To begin with, I thought Michele Paige Holmes’s new book Captive Heart was a comedy. It begins with a train holdup with a dozen or so outlaws selecting young women to work in a frontier town whore house.  The protagonist, Emmalyne Madsen, sits ramrod stiff in her uptight brown wool suit, praying she won’t be picked.  Alas, she is picked by the last outlaw, a bumbling character whom she fights literally tooth and nail until he gives up and jumps from the now moving train.  She thinks she’s safe, but is given a shove from behind by the sweet little granny type woman who had been sitting next to her.  She lands, of course, atop the outlaw.

As I continued to read I found the novel to be a serious historical romance, riddled with funny scenes and many clichés that actually work.  Some of the humor borders on black humor, but overall the book is fun, entertaining, and thought provoking.  I have to admit that, though I’ve read Holmes’s previous award-winning contemporary romance novels, I found this one to be her most delightful story yet.

Emma and the inept train robber, Thayne, begin following the railroad tracks.  It seems the rest of the gang with their captives left Thayne behind.  They even took his horse and supplies. Emma concludes she has made a mess of her attempt to defy her father and avoid a boring marriage and life by accepting a teaching position in Colorado.  Thayne regrets, almost at once, resorting to such drastic measures to find a teacher for his son, but he has little reason to trust he could find a teacher any other way.  His disastrous marriage to a cheating, cruel woman taught him well not to trust a woman. 

Emma never stops trying to get away which leads to numerous disasters and Thayne resorts to pulling his gun to persuade her to follow his instructions and keep moving away from civilization.  Circumstances of their trek place them in the position of saving each other’s life more than once. Little by little Emma learns she isn’t destined for the occupation the other captives are forced to endure.  Her captor is almost gentlemanly and it soon becomes clear she was abducted because he has urgent need of a schoolteacher.

When Emma learns they are headed toward a Black Hills Indian village and that  her captor has a son who is there, her fear escalates.  She assumes the boy is a captive and she is to be traded for his freedom, though she’s not sure why the Indians would want a school teacher.

Both Thayne and Emma find themselves drawn to the other and they both vigorously fight this attraction.

As background for the romance building between Thayne and Emma is the historical gold rush of the late 1800s that drew unprincipled men to the Dakotas and which led to brutal warfare between the native Indians and the usurpers who killed the buffalo and laid claim to their land. With hundreds of men without wives or daughters, fortunes at stake, and little to no legal law enforcement available, strength and cunning often took precedence over right. Matters requiring real law required traveling great distances. Trustworthy friends were few and far between, but greatly valued when found.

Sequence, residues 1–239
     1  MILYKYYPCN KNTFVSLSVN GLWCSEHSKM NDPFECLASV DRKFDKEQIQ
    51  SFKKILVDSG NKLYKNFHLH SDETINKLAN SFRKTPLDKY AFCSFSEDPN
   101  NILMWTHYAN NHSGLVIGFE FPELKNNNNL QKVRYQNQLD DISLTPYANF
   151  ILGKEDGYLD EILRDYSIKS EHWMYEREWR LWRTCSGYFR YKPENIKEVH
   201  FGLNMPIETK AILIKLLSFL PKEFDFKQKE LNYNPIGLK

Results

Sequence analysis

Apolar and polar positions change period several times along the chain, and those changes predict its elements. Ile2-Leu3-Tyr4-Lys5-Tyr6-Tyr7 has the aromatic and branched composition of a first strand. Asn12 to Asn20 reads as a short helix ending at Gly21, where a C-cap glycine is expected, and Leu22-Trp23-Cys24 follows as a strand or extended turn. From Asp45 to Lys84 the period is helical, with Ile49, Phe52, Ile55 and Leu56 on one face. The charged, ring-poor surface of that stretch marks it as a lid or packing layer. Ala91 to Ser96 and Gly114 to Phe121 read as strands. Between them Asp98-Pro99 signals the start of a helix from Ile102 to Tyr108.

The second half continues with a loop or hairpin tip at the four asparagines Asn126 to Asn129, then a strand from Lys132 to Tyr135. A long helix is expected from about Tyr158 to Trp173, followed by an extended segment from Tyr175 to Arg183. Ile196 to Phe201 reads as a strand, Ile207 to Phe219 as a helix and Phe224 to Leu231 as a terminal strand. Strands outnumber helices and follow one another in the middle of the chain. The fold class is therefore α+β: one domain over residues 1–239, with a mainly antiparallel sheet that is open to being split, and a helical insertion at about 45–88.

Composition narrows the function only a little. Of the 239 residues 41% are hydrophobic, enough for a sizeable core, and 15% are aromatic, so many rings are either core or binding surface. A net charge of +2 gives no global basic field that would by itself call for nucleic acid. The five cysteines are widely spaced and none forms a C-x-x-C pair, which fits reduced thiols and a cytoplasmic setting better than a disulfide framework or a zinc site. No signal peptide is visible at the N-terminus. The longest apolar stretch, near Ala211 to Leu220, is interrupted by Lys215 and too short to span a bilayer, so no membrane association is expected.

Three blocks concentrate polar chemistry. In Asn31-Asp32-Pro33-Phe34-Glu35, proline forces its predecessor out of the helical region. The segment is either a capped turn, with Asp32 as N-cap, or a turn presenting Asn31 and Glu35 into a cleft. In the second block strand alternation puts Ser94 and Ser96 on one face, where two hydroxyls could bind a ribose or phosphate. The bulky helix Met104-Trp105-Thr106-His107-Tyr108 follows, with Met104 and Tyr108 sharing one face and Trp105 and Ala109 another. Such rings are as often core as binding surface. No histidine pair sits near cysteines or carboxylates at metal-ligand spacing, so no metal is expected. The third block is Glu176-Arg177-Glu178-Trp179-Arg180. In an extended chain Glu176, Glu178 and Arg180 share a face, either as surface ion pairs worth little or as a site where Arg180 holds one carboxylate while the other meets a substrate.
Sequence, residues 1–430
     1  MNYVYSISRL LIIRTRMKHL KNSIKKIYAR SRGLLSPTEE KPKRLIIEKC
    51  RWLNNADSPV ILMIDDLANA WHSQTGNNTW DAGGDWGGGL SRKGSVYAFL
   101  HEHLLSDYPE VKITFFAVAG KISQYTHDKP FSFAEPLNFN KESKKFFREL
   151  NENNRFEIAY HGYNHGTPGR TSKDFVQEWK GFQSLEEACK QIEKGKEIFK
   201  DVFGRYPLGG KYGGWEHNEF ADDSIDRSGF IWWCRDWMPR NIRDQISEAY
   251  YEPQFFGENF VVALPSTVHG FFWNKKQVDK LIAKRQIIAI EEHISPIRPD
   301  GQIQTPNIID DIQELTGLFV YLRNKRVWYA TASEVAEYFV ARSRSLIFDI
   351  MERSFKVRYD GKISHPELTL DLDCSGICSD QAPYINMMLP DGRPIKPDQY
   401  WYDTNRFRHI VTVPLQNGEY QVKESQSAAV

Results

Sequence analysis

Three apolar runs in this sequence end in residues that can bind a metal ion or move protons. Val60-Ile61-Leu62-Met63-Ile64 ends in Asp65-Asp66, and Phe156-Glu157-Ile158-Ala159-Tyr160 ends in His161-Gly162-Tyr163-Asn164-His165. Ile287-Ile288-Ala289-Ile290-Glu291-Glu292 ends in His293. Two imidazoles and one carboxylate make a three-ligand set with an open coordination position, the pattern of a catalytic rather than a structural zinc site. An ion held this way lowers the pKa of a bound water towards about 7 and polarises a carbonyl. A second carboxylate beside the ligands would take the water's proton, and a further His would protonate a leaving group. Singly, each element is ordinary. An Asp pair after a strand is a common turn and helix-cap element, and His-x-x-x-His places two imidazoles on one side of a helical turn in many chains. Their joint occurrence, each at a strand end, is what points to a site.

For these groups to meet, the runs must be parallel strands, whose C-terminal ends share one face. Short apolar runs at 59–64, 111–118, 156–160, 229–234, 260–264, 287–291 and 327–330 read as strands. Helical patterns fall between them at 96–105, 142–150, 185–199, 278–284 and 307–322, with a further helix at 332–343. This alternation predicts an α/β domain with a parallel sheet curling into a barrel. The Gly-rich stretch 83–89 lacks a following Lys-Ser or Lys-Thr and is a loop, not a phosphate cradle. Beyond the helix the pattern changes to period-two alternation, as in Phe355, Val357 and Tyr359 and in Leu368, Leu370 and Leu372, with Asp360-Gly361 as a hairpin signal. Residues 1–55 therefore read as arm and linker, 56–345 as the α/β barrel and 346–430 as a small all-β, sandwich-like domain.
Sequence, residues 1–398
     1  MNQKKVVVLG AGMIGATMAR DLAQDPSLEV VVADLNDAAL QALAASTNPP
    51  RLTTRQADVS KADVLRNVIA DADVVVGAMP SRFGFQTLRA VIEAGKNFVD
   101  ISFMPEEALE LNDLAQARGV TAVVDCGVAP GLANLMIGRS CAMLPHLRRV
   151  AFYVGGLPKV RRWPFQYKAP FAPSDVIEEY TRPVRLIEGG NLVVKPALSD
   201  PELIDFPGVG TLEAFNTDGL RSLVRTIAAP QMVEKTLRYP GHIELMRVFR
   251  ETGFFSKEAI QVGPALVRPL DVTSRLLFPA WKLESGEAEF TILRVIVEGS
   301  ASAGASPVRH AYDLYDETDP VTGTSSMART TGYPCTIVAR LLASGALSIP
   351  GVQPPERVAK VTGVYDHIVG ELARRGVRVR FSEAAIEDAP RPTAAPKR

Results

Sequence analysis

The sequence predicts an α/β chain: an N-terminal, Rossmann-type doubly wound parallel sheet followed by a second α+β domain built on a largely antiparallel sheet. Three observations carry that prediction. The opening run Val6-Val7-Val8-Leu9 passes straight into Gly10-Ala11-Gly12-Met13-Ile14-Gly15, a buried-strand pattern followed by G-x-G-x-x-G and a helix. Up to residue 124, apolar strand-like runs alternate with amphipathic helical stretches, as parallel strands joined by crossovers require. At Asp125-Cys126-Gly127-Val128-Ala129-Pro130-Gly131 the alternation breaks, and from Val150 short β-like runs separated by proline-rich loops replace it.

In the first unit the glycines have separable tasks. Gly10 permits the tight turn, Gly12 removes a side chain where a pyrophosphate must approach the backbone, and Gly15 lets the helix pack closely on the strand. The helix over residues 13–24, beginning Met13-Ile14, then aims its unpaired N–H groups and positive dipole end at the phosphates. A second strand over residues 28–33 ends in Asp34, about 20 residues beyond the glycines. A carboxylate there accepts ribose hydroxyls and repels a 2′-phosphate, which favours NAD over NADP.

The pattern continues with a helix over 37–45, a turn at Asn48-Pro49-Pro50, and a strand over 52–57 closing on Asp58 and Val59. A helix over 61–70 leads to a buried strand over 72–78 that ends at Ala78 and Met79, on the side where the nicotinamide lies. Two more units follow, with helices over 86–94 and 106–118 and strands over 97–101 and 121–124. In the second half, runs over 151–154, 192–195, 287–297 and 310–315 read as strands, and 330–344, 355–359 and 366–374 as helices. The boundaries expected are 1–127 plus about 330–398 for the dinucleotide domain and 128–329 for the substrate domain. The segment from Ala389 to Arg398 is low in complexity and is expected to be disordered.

The characters are well defined, grow with the story, and are likable.  They have their share of flaws which serve to make them feel real, though perhaps just a tiny bit exaggerated. Much of the struggle between Thayne and Emma could have been resolved early on if they’d trusted each other enough to have an honest conversation.  Generally when the conflict between the two leading characters in a romance is based on misunderstanding, the story is weak and doesn’t hold up well, but Holmes did a good job of creating plausible reasons for their distrust and inability to communicate.

Captive Hearts touches on several major issues of that time period without delving into any of them at great length. It is light, easy to read,  and definitely more romance than historical.  The serious issues of racial understanding, broken treaties, matters of conscience, personal honor or integrity, women’s rights, child abuse, disabiities, and the need for communication are there, but are not delved into at any great depth.

Michele Holmes grew up in California and Arizona.  She graduated from BYU with a degree in elementary education.  She and her husband now live in Utah and are the parents of five children.  She received a Whitney Award for her first published novel, Counting Stars and was a finalist two years later for the sequel.

* * *

CAPTIVE HEART by Michele Paige Holmes, published by Covenant Communications, softcover, 255 pages, $16.99